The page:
I wrote a post a few weeks back about whether the current economic climate might lead to a somewhat reduced focus on twittering and friending a la Web 2.0. I thought my comments were fairly mild, but apparently not in the view of many commenters. I haven’t been accused so vehemently of not understanding the younger generation since I insisted that my teenaged sons go on vacation with the family.

Now I am fairly secure in my membership in Generation Jones–I still have lots of pleated pants, for example–and I find the accusations that “I just don’t get it” amusing. But the comments did make me think about the fate of the millennials as they move into the workforce. Will they bend to the whims of the workplace, or will the workplace bend to suit them?

Of course, we don’t know for sure which sort of bending will eventually win out. But there are some fun clues from two different settings. One is the award-winning AMC hit series “Mad Men,” in which the work and lives of 1960’s advertisers are fictionalized. I’m watching the second season now on my DVR; the first season is available on DVD. The ad agency chronicled in the series, Sterling Cooper, has decided that it needs to “think young,” and has hired some youthful employees to represent their generation to clients. One of them, Smitty, has lines like, “Our generation doesn’t want to be told what to do or how to act. We just want to BE,” and “Stop telling my generation what to do, man. We want to find things for ourselves, dig? We want to feel.” His actual achievements are somewhat less radical; he comes up with a new ditty to sell coffee, for example. Of course, we don’t know whether Smitty eventually sells out, but the fact that he works in an advertising agency suggests that the chances of his revolutionizing the workplace are slim.

Wall Street Journal columnist Ron Alsop’s recent article in the WSJ , “The Trophy Kids Go to Work,” includes quotes from millennials that are reminiscent of Smitty’s. The article, derived from Alsop’s new book, describes some of the work-related attitudes of the generation that got trophies for just showing up at soccer.

Now I dislike these generational generalizations, but Alsop has come up with some interesting observations. I loved this quote, for example, from Olivia, a teenage blogger: “They are finding that they have to adjust work around our lives instead of us adjusting our lives around work…What other option do they have? We are hard working and utilize tools to get the job done. But we don’t want to work more than 40 hours a week, and we want to wear clothes that are comfortable. We want to be able to spice up the dull workday by listening to our iPods. If corporate America doesn’t like that, too bad.”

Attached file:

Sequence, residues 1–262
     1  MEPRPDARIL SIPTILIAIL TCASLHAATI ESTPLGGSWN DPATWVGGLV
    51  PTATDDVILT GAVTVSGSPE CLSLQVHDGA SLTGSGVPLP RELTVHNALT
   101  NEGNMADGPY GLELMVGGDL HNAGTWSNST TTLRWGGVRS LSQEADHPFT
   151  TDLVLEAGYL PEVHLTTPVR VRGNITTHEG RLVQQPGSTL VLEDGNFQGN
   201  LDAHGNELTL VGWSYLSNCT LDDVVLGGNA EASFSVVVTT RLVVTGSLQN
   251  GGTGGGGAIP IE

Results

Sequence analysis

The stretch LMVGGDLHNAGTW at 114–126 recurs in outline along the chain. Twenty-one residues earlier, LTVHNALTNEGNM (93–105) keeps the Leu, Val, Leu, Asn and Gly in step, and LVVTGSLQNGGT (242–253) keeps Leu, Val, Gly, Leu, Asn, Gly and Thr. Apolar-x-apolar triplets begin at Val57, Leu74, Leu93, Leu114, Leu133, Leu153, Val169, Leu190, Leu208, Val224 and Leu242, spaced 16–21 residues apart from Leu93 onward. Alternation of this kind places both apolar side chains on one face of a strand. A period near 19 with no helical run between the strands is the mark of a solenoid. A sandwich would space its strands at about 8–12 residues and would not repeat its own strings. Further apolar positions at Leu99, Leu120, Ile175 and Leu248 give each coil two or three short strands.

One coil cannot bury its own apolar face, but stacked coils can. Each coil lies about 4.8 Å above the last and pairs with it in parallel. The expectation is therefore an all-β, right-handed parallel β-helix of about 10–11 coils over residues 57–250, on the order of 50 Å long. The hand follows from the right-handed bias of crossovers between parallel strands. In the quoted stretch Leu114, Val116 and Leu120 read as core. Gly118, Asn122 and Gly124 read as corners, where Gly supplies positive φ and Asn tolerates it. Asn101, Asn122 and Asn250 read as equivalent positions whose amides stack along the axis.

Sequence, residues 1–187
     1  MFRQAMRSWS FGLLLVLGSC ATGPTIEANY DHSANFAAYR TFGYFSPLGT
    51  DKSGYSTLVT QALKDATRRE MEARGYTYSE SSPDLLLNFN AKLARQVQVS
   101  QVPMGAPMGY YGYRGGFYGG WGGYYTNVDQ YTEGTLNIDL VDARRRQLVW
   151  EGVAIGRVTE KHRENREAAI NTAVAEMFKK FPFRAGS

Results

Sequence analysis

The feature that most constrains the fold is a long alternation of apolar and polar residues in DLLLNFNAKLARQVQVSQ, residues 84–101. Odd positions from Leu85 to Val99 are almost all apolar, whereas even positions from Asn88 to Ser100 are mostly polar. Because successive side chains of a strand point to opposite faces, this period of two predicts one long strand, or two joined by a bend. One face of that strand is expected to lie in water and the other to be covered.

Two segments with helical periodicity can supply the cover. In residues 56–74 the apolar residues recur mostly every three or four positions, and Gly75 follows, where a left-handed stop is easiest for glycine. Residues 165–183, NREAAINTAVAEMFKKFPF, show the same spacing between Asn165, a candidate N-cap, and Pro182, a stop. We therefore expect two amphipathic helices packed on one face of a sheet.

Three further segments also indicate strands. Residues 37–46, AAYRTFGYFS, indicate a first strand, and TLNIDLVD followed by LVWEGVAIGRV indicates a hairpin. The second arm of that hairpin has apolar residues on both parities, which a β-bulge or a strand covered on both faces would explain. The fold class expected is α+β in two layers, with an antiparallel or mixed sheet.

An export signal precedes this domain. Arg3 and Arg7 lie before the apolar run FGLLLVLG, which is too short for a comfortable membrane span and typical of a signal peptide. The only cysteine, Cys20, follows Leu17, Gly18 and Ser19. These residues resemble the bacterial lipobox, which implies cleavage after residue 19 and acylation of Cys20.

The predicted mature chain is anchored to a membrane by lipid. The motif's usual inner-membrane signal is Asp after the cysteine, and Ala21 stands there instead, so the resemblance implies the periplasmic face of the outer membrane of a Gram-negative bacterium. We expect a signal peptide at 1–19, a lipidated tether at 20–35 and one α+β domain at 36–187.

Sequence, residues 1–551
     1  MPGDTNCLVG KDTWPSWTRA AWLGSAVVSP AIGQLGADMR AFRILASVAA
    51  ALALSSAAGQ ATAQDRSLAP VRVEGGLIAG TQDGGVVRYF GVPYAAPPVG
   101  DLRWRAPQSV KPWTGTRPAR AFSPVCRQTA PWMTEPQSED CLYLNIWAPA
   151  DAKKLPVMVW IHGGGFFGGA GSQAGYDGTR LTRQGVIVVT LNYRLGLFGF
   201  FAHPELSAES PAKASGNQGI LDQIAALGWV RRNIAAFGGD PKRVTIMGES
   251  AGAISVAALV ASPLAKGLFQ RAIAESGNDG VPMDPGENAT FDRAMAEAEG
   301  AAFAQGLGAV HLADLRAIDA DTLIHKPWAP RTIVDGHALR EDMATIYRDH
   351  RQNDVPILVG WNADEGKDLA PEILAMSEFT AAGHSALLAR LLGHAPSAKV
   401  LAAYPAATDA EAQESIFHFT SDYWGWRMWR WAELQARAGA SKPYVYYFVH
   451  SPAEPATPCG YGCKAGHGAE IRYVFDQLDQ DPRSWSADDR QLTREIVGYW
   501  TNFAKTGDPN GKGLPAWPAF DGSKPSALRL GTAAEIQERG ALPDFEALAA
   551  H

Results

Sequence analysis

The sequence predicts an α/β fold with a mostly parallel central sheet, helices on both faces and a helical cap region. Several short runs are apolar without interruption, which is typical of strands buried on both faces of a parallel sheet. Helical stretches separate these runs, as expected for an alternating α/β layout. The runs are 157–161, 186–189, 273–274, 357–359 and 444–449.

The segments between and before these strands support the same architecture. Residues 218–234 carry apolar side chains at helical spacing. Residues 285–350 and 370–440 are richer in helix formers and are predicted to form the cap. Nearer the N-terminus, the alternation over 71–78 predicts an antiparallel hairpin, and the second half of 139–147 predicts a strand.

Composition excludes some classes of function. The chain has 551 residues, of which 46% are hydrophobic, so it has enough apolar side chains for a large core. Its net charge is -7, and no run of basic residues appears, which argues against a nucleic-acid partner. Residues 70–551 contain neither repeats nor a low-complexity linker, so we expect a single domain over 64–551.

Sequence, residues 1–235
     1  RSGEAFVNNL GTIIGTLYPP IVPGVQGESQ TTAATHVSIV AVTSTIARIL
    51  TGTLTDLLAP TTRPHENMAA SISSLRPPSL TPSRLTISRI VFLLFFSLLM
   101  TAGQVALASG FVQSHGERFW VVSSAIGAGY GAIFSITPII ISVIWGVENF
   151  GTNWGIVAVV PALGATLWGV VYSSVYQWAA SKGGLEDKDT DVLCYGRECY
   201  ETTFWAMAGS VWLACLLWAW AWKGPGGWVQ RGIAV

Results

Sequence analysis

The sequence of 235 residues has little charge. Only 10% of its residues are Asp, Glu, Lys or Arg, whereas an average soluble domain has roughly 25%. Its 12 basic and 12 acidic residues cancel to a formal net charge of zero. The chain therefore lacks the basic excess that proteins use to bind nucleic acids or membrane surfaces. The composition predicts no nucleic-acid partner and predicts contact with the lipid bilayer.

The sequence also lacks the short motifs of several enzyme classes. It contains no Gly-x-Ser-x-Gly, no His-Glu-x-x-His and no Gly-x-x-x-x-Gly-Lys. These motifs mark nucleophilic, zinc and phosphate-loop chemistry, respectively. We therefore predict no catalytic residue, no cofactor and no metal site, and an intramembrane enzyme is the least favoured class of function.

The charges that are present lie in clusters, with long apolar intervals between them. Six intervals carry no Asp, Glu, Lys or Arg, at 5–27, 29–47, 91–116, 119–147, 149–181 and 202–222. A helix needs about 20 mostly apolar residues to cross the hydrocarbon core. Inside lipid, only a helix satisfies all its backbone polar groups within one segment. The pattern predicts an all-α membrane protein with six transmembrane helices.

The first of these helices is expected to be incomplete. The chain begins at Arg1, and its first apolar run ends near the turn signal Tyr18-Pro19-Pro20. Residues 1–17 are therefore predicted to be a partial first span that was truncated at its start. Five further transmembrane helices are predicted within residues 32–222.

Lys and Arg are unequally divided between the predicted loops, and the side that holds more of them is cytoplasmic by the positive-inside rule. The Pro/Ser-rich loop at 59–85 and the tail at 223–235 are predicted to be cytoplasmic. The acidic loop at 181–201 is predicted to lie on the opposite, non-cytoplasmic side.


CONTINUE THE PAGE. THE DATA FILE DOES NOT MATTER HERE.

From the Wall Street Journal:

Although members of other generations were considered somewhat spoiled in their youth, millennials feel an unusually strong sense of entitlement. Older adults criticize the high-maintenance rookies for demanding too much too soon. “They want to be CEO tomorrow,” is a common refrain from corporate recruiters.

More than 85% of hiring managers and human-resource executives said they feel that millennials have a stronger sense of entitlement than older workers, according to a survey by CareerBuilder.com. The generation’s greatest expectations: higher pay (74% of respondents); flexible work schedules (61%); a promotion within a year (56%); and more vacation or personal time (50%).

“They really do seem to want everything, and I can’t decide if it’s an inability or an unwillingness to make trade-offs,” says Derrick Bolton, assistant dean and M.B.A. admissions director at Stanford University’s Graduate School of Business. “They want to be CEO, for example, but they say they don’t want to give up time with their families.”

Millennials, of course, will have to temper their expectations as they seek employment during this deep economic slump. But their sense of entitlement is an ingrained trait that will likely resurface in a stronger job market. Some research studies indicate that the millennial generation’s great expectations stem from feelings of superiority. Michigan State University’s Collegiate Employment Research Institute and MonsterTrak, an online careers site, conducted a research study of 18- to 28-year-olds and found that nearly half had moderate to high superiority beliefs about themselves. The superiority factor was measured by responses to such statements as “I deserve favors from others” and “I know that I have more natural talents than most.”